One up, one down on volleyball road trip

Sarah Mitchell

On the road for the first time during the Big Ten season, a split for the No. 22 Gophers volleyball team was marred by a no-show loss to No. 6 Wisconsin. Minnesota slipped by Iowa 3-2 Friday, but the team’s composure disappeared on Saturday in a 3-0 loss.
Playing in front of a Field House crowd nearly six times larger than the collection of fans at Carver-Hawkeye Arena Friday night, the Gophers (12-3 overall, 2-2 in the Big Ten) were defeated by the Badgers in what sophomore outside hitter Sonja Posthuma called the team’s sloppiest loss of the season.
“We just weren’t competitive,” Posthuma said.
The lack of effort caused the Gophers to suffer perhaps their most disappointing defeat so far. Two weekends ago, the Gophers were defeated by No. 1 Penn State 3-0, but were not bothered by the tally to the loss column because of the intensity displayed on the court. But on Saturday night, a fatigued Gophers team was beaten convincingly by the Badgers.
In game two, the Gophers had a comfortable 12-5 lead, but six service errors allowed the Badgers a 10-0 scoring run.
Sophomore outside hitter Sonja Posthuma, who recorded eight kills against the Badgers (14-1, 3-0), said nerves were a bigger opponent for Minnesota than the players on the other side of the net.
“They were trembling and they didn’t know what was going on,” Posthuma said of the Gophers seven-point lead in game two. “We had this team in our hands. We couldn’t believe we played like that.”
The Badgers out-blocked (11-6) and out-killed (53-38) Minnesota; senior setter Colleen Neels led Wisconsin with a .500 hitting percentage and junior middle blocker Kelly Kennedy recorded a team leading 12 kills.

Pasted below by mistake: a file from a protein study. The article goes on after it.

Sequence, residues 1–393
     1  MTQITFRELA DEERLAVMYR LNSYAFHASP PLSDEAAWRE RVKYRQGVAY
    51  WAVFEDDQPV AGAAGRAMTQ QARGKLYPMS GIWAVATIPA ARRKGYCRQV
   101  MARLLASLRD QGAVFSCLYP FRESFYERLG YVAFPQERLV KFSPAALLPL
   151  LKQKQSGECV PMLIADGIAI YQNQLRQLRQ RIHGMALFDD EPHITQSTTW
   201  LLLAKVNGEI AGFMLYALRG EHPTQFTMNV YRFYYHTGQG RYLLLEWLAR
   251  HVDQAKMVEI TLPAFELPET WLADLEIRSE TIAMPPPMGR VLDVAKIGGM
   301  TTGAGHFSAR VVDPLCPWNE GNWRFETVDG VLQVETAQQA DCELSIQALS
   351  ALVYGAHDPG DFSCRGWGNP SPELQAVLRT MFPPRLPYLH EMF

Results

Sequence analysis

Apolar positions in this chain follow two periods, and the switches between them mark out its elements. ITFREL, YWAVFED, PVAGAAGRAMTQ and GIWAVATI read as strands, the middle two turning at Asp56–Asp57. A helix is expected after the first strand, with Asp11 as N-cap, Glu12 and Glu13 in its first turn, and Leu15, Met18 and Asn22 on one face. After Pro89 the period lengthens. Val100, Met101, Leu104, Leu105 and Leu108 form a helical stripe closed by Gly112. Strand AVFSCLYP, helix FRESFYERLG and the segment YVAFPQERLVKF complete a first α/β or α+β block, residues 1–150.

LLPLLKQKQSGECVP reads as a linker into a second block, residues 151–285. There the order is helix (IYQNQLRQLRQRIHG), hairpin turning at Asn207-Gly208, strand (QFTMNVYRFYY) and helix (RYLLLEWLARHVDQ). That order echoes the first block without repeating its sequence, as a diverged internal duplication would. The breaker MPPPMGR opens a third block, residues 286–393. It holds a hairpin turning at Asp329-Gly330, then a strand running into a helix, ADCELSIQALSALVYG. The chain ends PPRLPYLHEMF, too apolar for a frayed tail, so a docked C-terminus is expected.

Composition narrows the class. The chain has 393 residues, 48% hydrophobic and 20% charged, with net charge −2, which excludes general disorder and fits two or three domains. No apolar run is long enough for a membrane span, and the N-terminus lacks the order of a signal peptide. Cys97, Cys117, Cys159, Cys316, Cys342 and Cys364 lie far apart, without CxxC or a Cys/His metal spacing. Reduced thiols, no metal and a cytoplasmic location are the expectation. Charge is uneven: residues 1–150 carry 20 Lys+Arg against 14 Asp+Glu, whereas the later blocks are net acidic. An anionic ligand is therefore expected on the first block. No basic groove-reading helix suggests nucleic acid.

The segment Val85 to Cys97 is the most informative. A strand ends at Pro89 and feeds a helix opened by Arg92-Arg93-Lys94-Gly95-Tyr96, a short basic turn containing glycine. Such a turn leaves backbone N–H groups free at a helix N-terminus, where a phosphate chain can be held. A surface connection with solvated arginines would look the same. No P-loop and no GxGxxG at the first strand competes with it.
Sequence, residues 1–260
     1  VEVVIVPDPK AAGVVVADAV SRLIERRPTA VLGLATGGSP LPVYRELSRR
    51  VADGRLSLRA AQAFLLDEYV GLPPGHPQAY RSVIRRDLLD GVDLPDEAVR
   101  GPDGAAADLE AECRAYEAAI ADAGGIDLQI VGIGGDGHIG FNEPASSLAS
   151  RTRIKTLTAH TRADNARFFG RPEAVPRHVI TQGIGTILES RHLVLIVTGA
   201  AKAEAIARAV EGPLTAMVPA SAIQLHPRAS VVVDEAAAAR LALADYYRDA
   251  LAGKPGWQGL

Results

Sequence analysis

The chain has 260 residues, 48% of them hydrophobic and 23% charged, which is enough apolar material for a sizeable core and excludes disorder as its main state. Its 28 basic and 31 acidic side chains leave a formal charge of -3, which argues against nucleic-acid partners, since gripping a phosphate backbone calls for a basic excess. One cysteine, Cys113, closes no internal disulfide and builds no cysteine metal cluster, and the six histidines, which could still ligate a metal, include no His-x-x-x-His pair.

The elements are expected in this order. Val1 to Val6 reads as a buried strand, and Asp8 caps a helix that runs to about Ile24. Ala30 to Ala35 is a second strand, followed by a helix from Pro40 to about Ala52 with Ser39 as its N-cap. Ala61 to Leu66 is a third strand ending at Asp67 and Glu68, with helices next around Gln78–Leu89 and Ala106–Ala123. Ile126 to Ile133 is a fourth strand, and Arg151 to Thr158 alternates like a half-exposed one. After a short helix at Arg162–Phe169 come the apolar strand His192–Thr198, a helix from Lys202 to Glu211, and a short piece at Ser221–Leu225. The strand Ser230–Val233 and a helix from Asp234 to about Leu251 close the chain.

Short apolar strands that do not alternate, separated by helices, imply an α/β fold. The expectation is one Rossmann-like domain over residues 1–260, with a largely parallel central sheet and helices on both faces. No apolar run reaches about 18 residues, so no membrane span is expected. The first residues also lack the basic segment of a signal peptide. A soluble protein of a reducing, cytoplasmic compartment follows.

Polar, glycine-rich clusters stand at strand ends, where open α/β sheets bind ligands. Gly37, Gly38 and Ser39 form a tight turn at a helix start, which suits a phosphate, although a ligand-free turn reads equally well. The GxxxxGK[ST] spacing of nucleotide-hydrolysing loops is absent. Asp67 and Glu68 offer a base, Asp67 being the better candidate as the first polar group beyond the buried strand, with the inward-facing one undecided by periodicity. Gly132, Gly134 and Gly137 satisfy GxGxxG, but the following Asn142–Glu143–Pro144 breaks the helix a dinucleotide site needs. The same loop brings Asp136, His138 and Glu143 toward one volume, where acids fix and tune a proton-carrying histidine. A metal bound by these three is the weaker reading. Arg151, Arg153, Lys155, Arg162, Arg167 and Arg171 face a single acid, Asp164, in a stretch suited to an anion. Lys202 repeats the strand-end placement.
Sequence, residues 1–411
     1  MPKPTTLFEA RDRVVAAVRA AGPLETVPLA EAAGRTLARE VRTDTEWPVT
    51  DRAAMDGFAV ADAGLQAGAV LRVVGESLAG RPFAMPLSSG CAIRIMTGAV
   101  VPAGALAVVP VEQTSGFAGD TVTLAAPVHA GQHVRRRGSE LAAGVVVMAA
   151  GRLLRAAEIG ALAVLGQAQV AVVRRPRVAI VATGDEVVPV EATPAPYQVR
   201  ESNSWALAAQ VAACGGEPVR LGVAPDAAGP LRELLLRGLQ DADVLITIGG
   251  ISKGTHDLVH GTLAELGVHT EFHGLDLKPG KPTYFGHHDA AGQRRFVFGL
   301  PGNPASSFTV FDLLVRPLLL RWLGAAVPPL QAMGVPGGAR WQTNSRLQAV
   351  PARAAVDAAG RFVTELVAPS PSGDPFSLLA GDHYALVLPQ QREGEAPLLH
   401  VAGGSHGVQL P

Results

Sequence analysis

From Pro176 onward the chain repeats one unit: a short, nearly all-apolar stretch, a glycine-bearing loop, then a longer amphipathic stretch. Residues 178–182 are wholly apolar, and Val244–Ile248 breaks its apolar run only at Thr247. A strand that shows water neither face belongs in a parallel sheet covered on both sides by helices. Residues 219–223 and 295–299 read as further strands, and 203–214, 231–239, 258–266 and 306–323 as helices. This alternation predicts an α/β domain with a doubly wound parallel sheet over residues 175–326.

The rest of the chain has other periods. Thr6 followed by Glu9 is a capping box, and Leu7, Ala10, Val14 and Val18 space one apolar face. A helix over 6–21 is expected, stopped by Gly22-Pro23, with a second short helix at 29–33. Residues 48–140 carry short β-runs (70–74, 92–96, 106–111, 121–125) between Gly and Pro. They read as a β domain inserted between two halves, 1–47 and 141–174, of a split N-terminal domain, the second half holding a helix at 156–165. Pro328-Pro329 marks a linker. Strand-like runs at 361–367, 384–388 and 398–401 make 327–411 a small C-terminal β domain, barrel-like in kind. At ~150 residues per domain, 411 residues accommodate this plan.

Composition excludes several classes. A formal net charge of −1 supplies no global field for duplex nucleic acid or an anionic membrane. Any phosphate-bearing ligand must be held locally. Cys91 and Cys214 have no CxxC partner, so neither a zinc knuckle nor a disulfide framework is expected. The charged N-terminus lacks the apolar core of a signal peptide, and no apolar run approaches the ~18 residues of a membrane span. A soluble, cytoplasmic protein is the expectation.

Gophers coach Mike Hebert blamed the breakdown in game two on fatigue more than nerves.
“They just seemed to run out of gas,” Hebert said. “I thought we were mentally fatigued.”
Exhaustion is one of several disadvantages during road trips. But the next time the Gophers and the Badgers square off, fatigue can’t be a Minnesota excuse. The Gophers’ expectations will be high when Wisconsin comes to town Oct. 30.
“We know that we can crack them,” Posthuma said. “They are ranked, but we’ve seen their weaknesses.”
But Hebert disagreed, saying the Gophers need to improve their own game before they can conceivably beat the Badgers at home.
“Right now we aren’t playing well enough to beat Wisconsin if they are playing at the top of their game,” Hebert said.
Minnesota didn’t play it’s best on Friday night, but under pressure played like a ranked team to record a victory.
The uninviting surroundings of Carver-Hawkeye Arena were a factor in the bleak play of the Gophers. Competing in front of a crowd of barely 400 Hawkeye backers, Minnesota squeaked out a 3-2 win.
“We were expecting to come out better than we did,” Branagh said. “We are disappointed. We should have taken care of business. Iowa came out strong and it’s difficult to play in that gym.”
Minnesota energized itself during the most critical point of the match in game five. Freshman outside hitter Yvonne Wichert smashed three kills to boost the Gophers to an 11-7 lead. The Hawkeyes (6-7, 0-4) inched closer, though, to 11-9. Branagh then rattled off three of her career-high 32 kills, padding the lead to 14-9 and making herself the 18th Gopher in history to record more than 30 kills in a match.
Not wanting to fall to 0-4 in conference standings, Iowa ran the score to 14-12. But sophomore middle blocker Erica Glaser killed the game winner.
Despite the narrow victory over the Hawkeyes, three other players joined Branagh in posting double-figure kills — Wichert (20), Baxter (10) and Posthuma (15). Branagh added 11 digs to her 32 kills while Wichert also had a double-double, recording 20 kills and 11 digs.
“It was kind of like the rest of the team’s game, it wasn’t my best performance,” said Posthuma, who also led the team with a .400 hitting percentage.
While a split on the road during conference play is a feat, Minnesota needs to pull together an above-average record in the Big Ten if they want to contend for the title.
A road sweep against Michigan and No. 21 Michigan State next weekend is a high — but perhaps necessary — standard to set, as two teams with very different stories stand in Minnesota’s way. Michigan will be playing with an all-or-nothing mentality desperately needing to improve its 1-3 conference record, and Michigan State is a higher ranked team than the Gophers.
“Every team is going to come out strong,” Branagh said. “I don’t think teams know what to expect, but this team has potential.”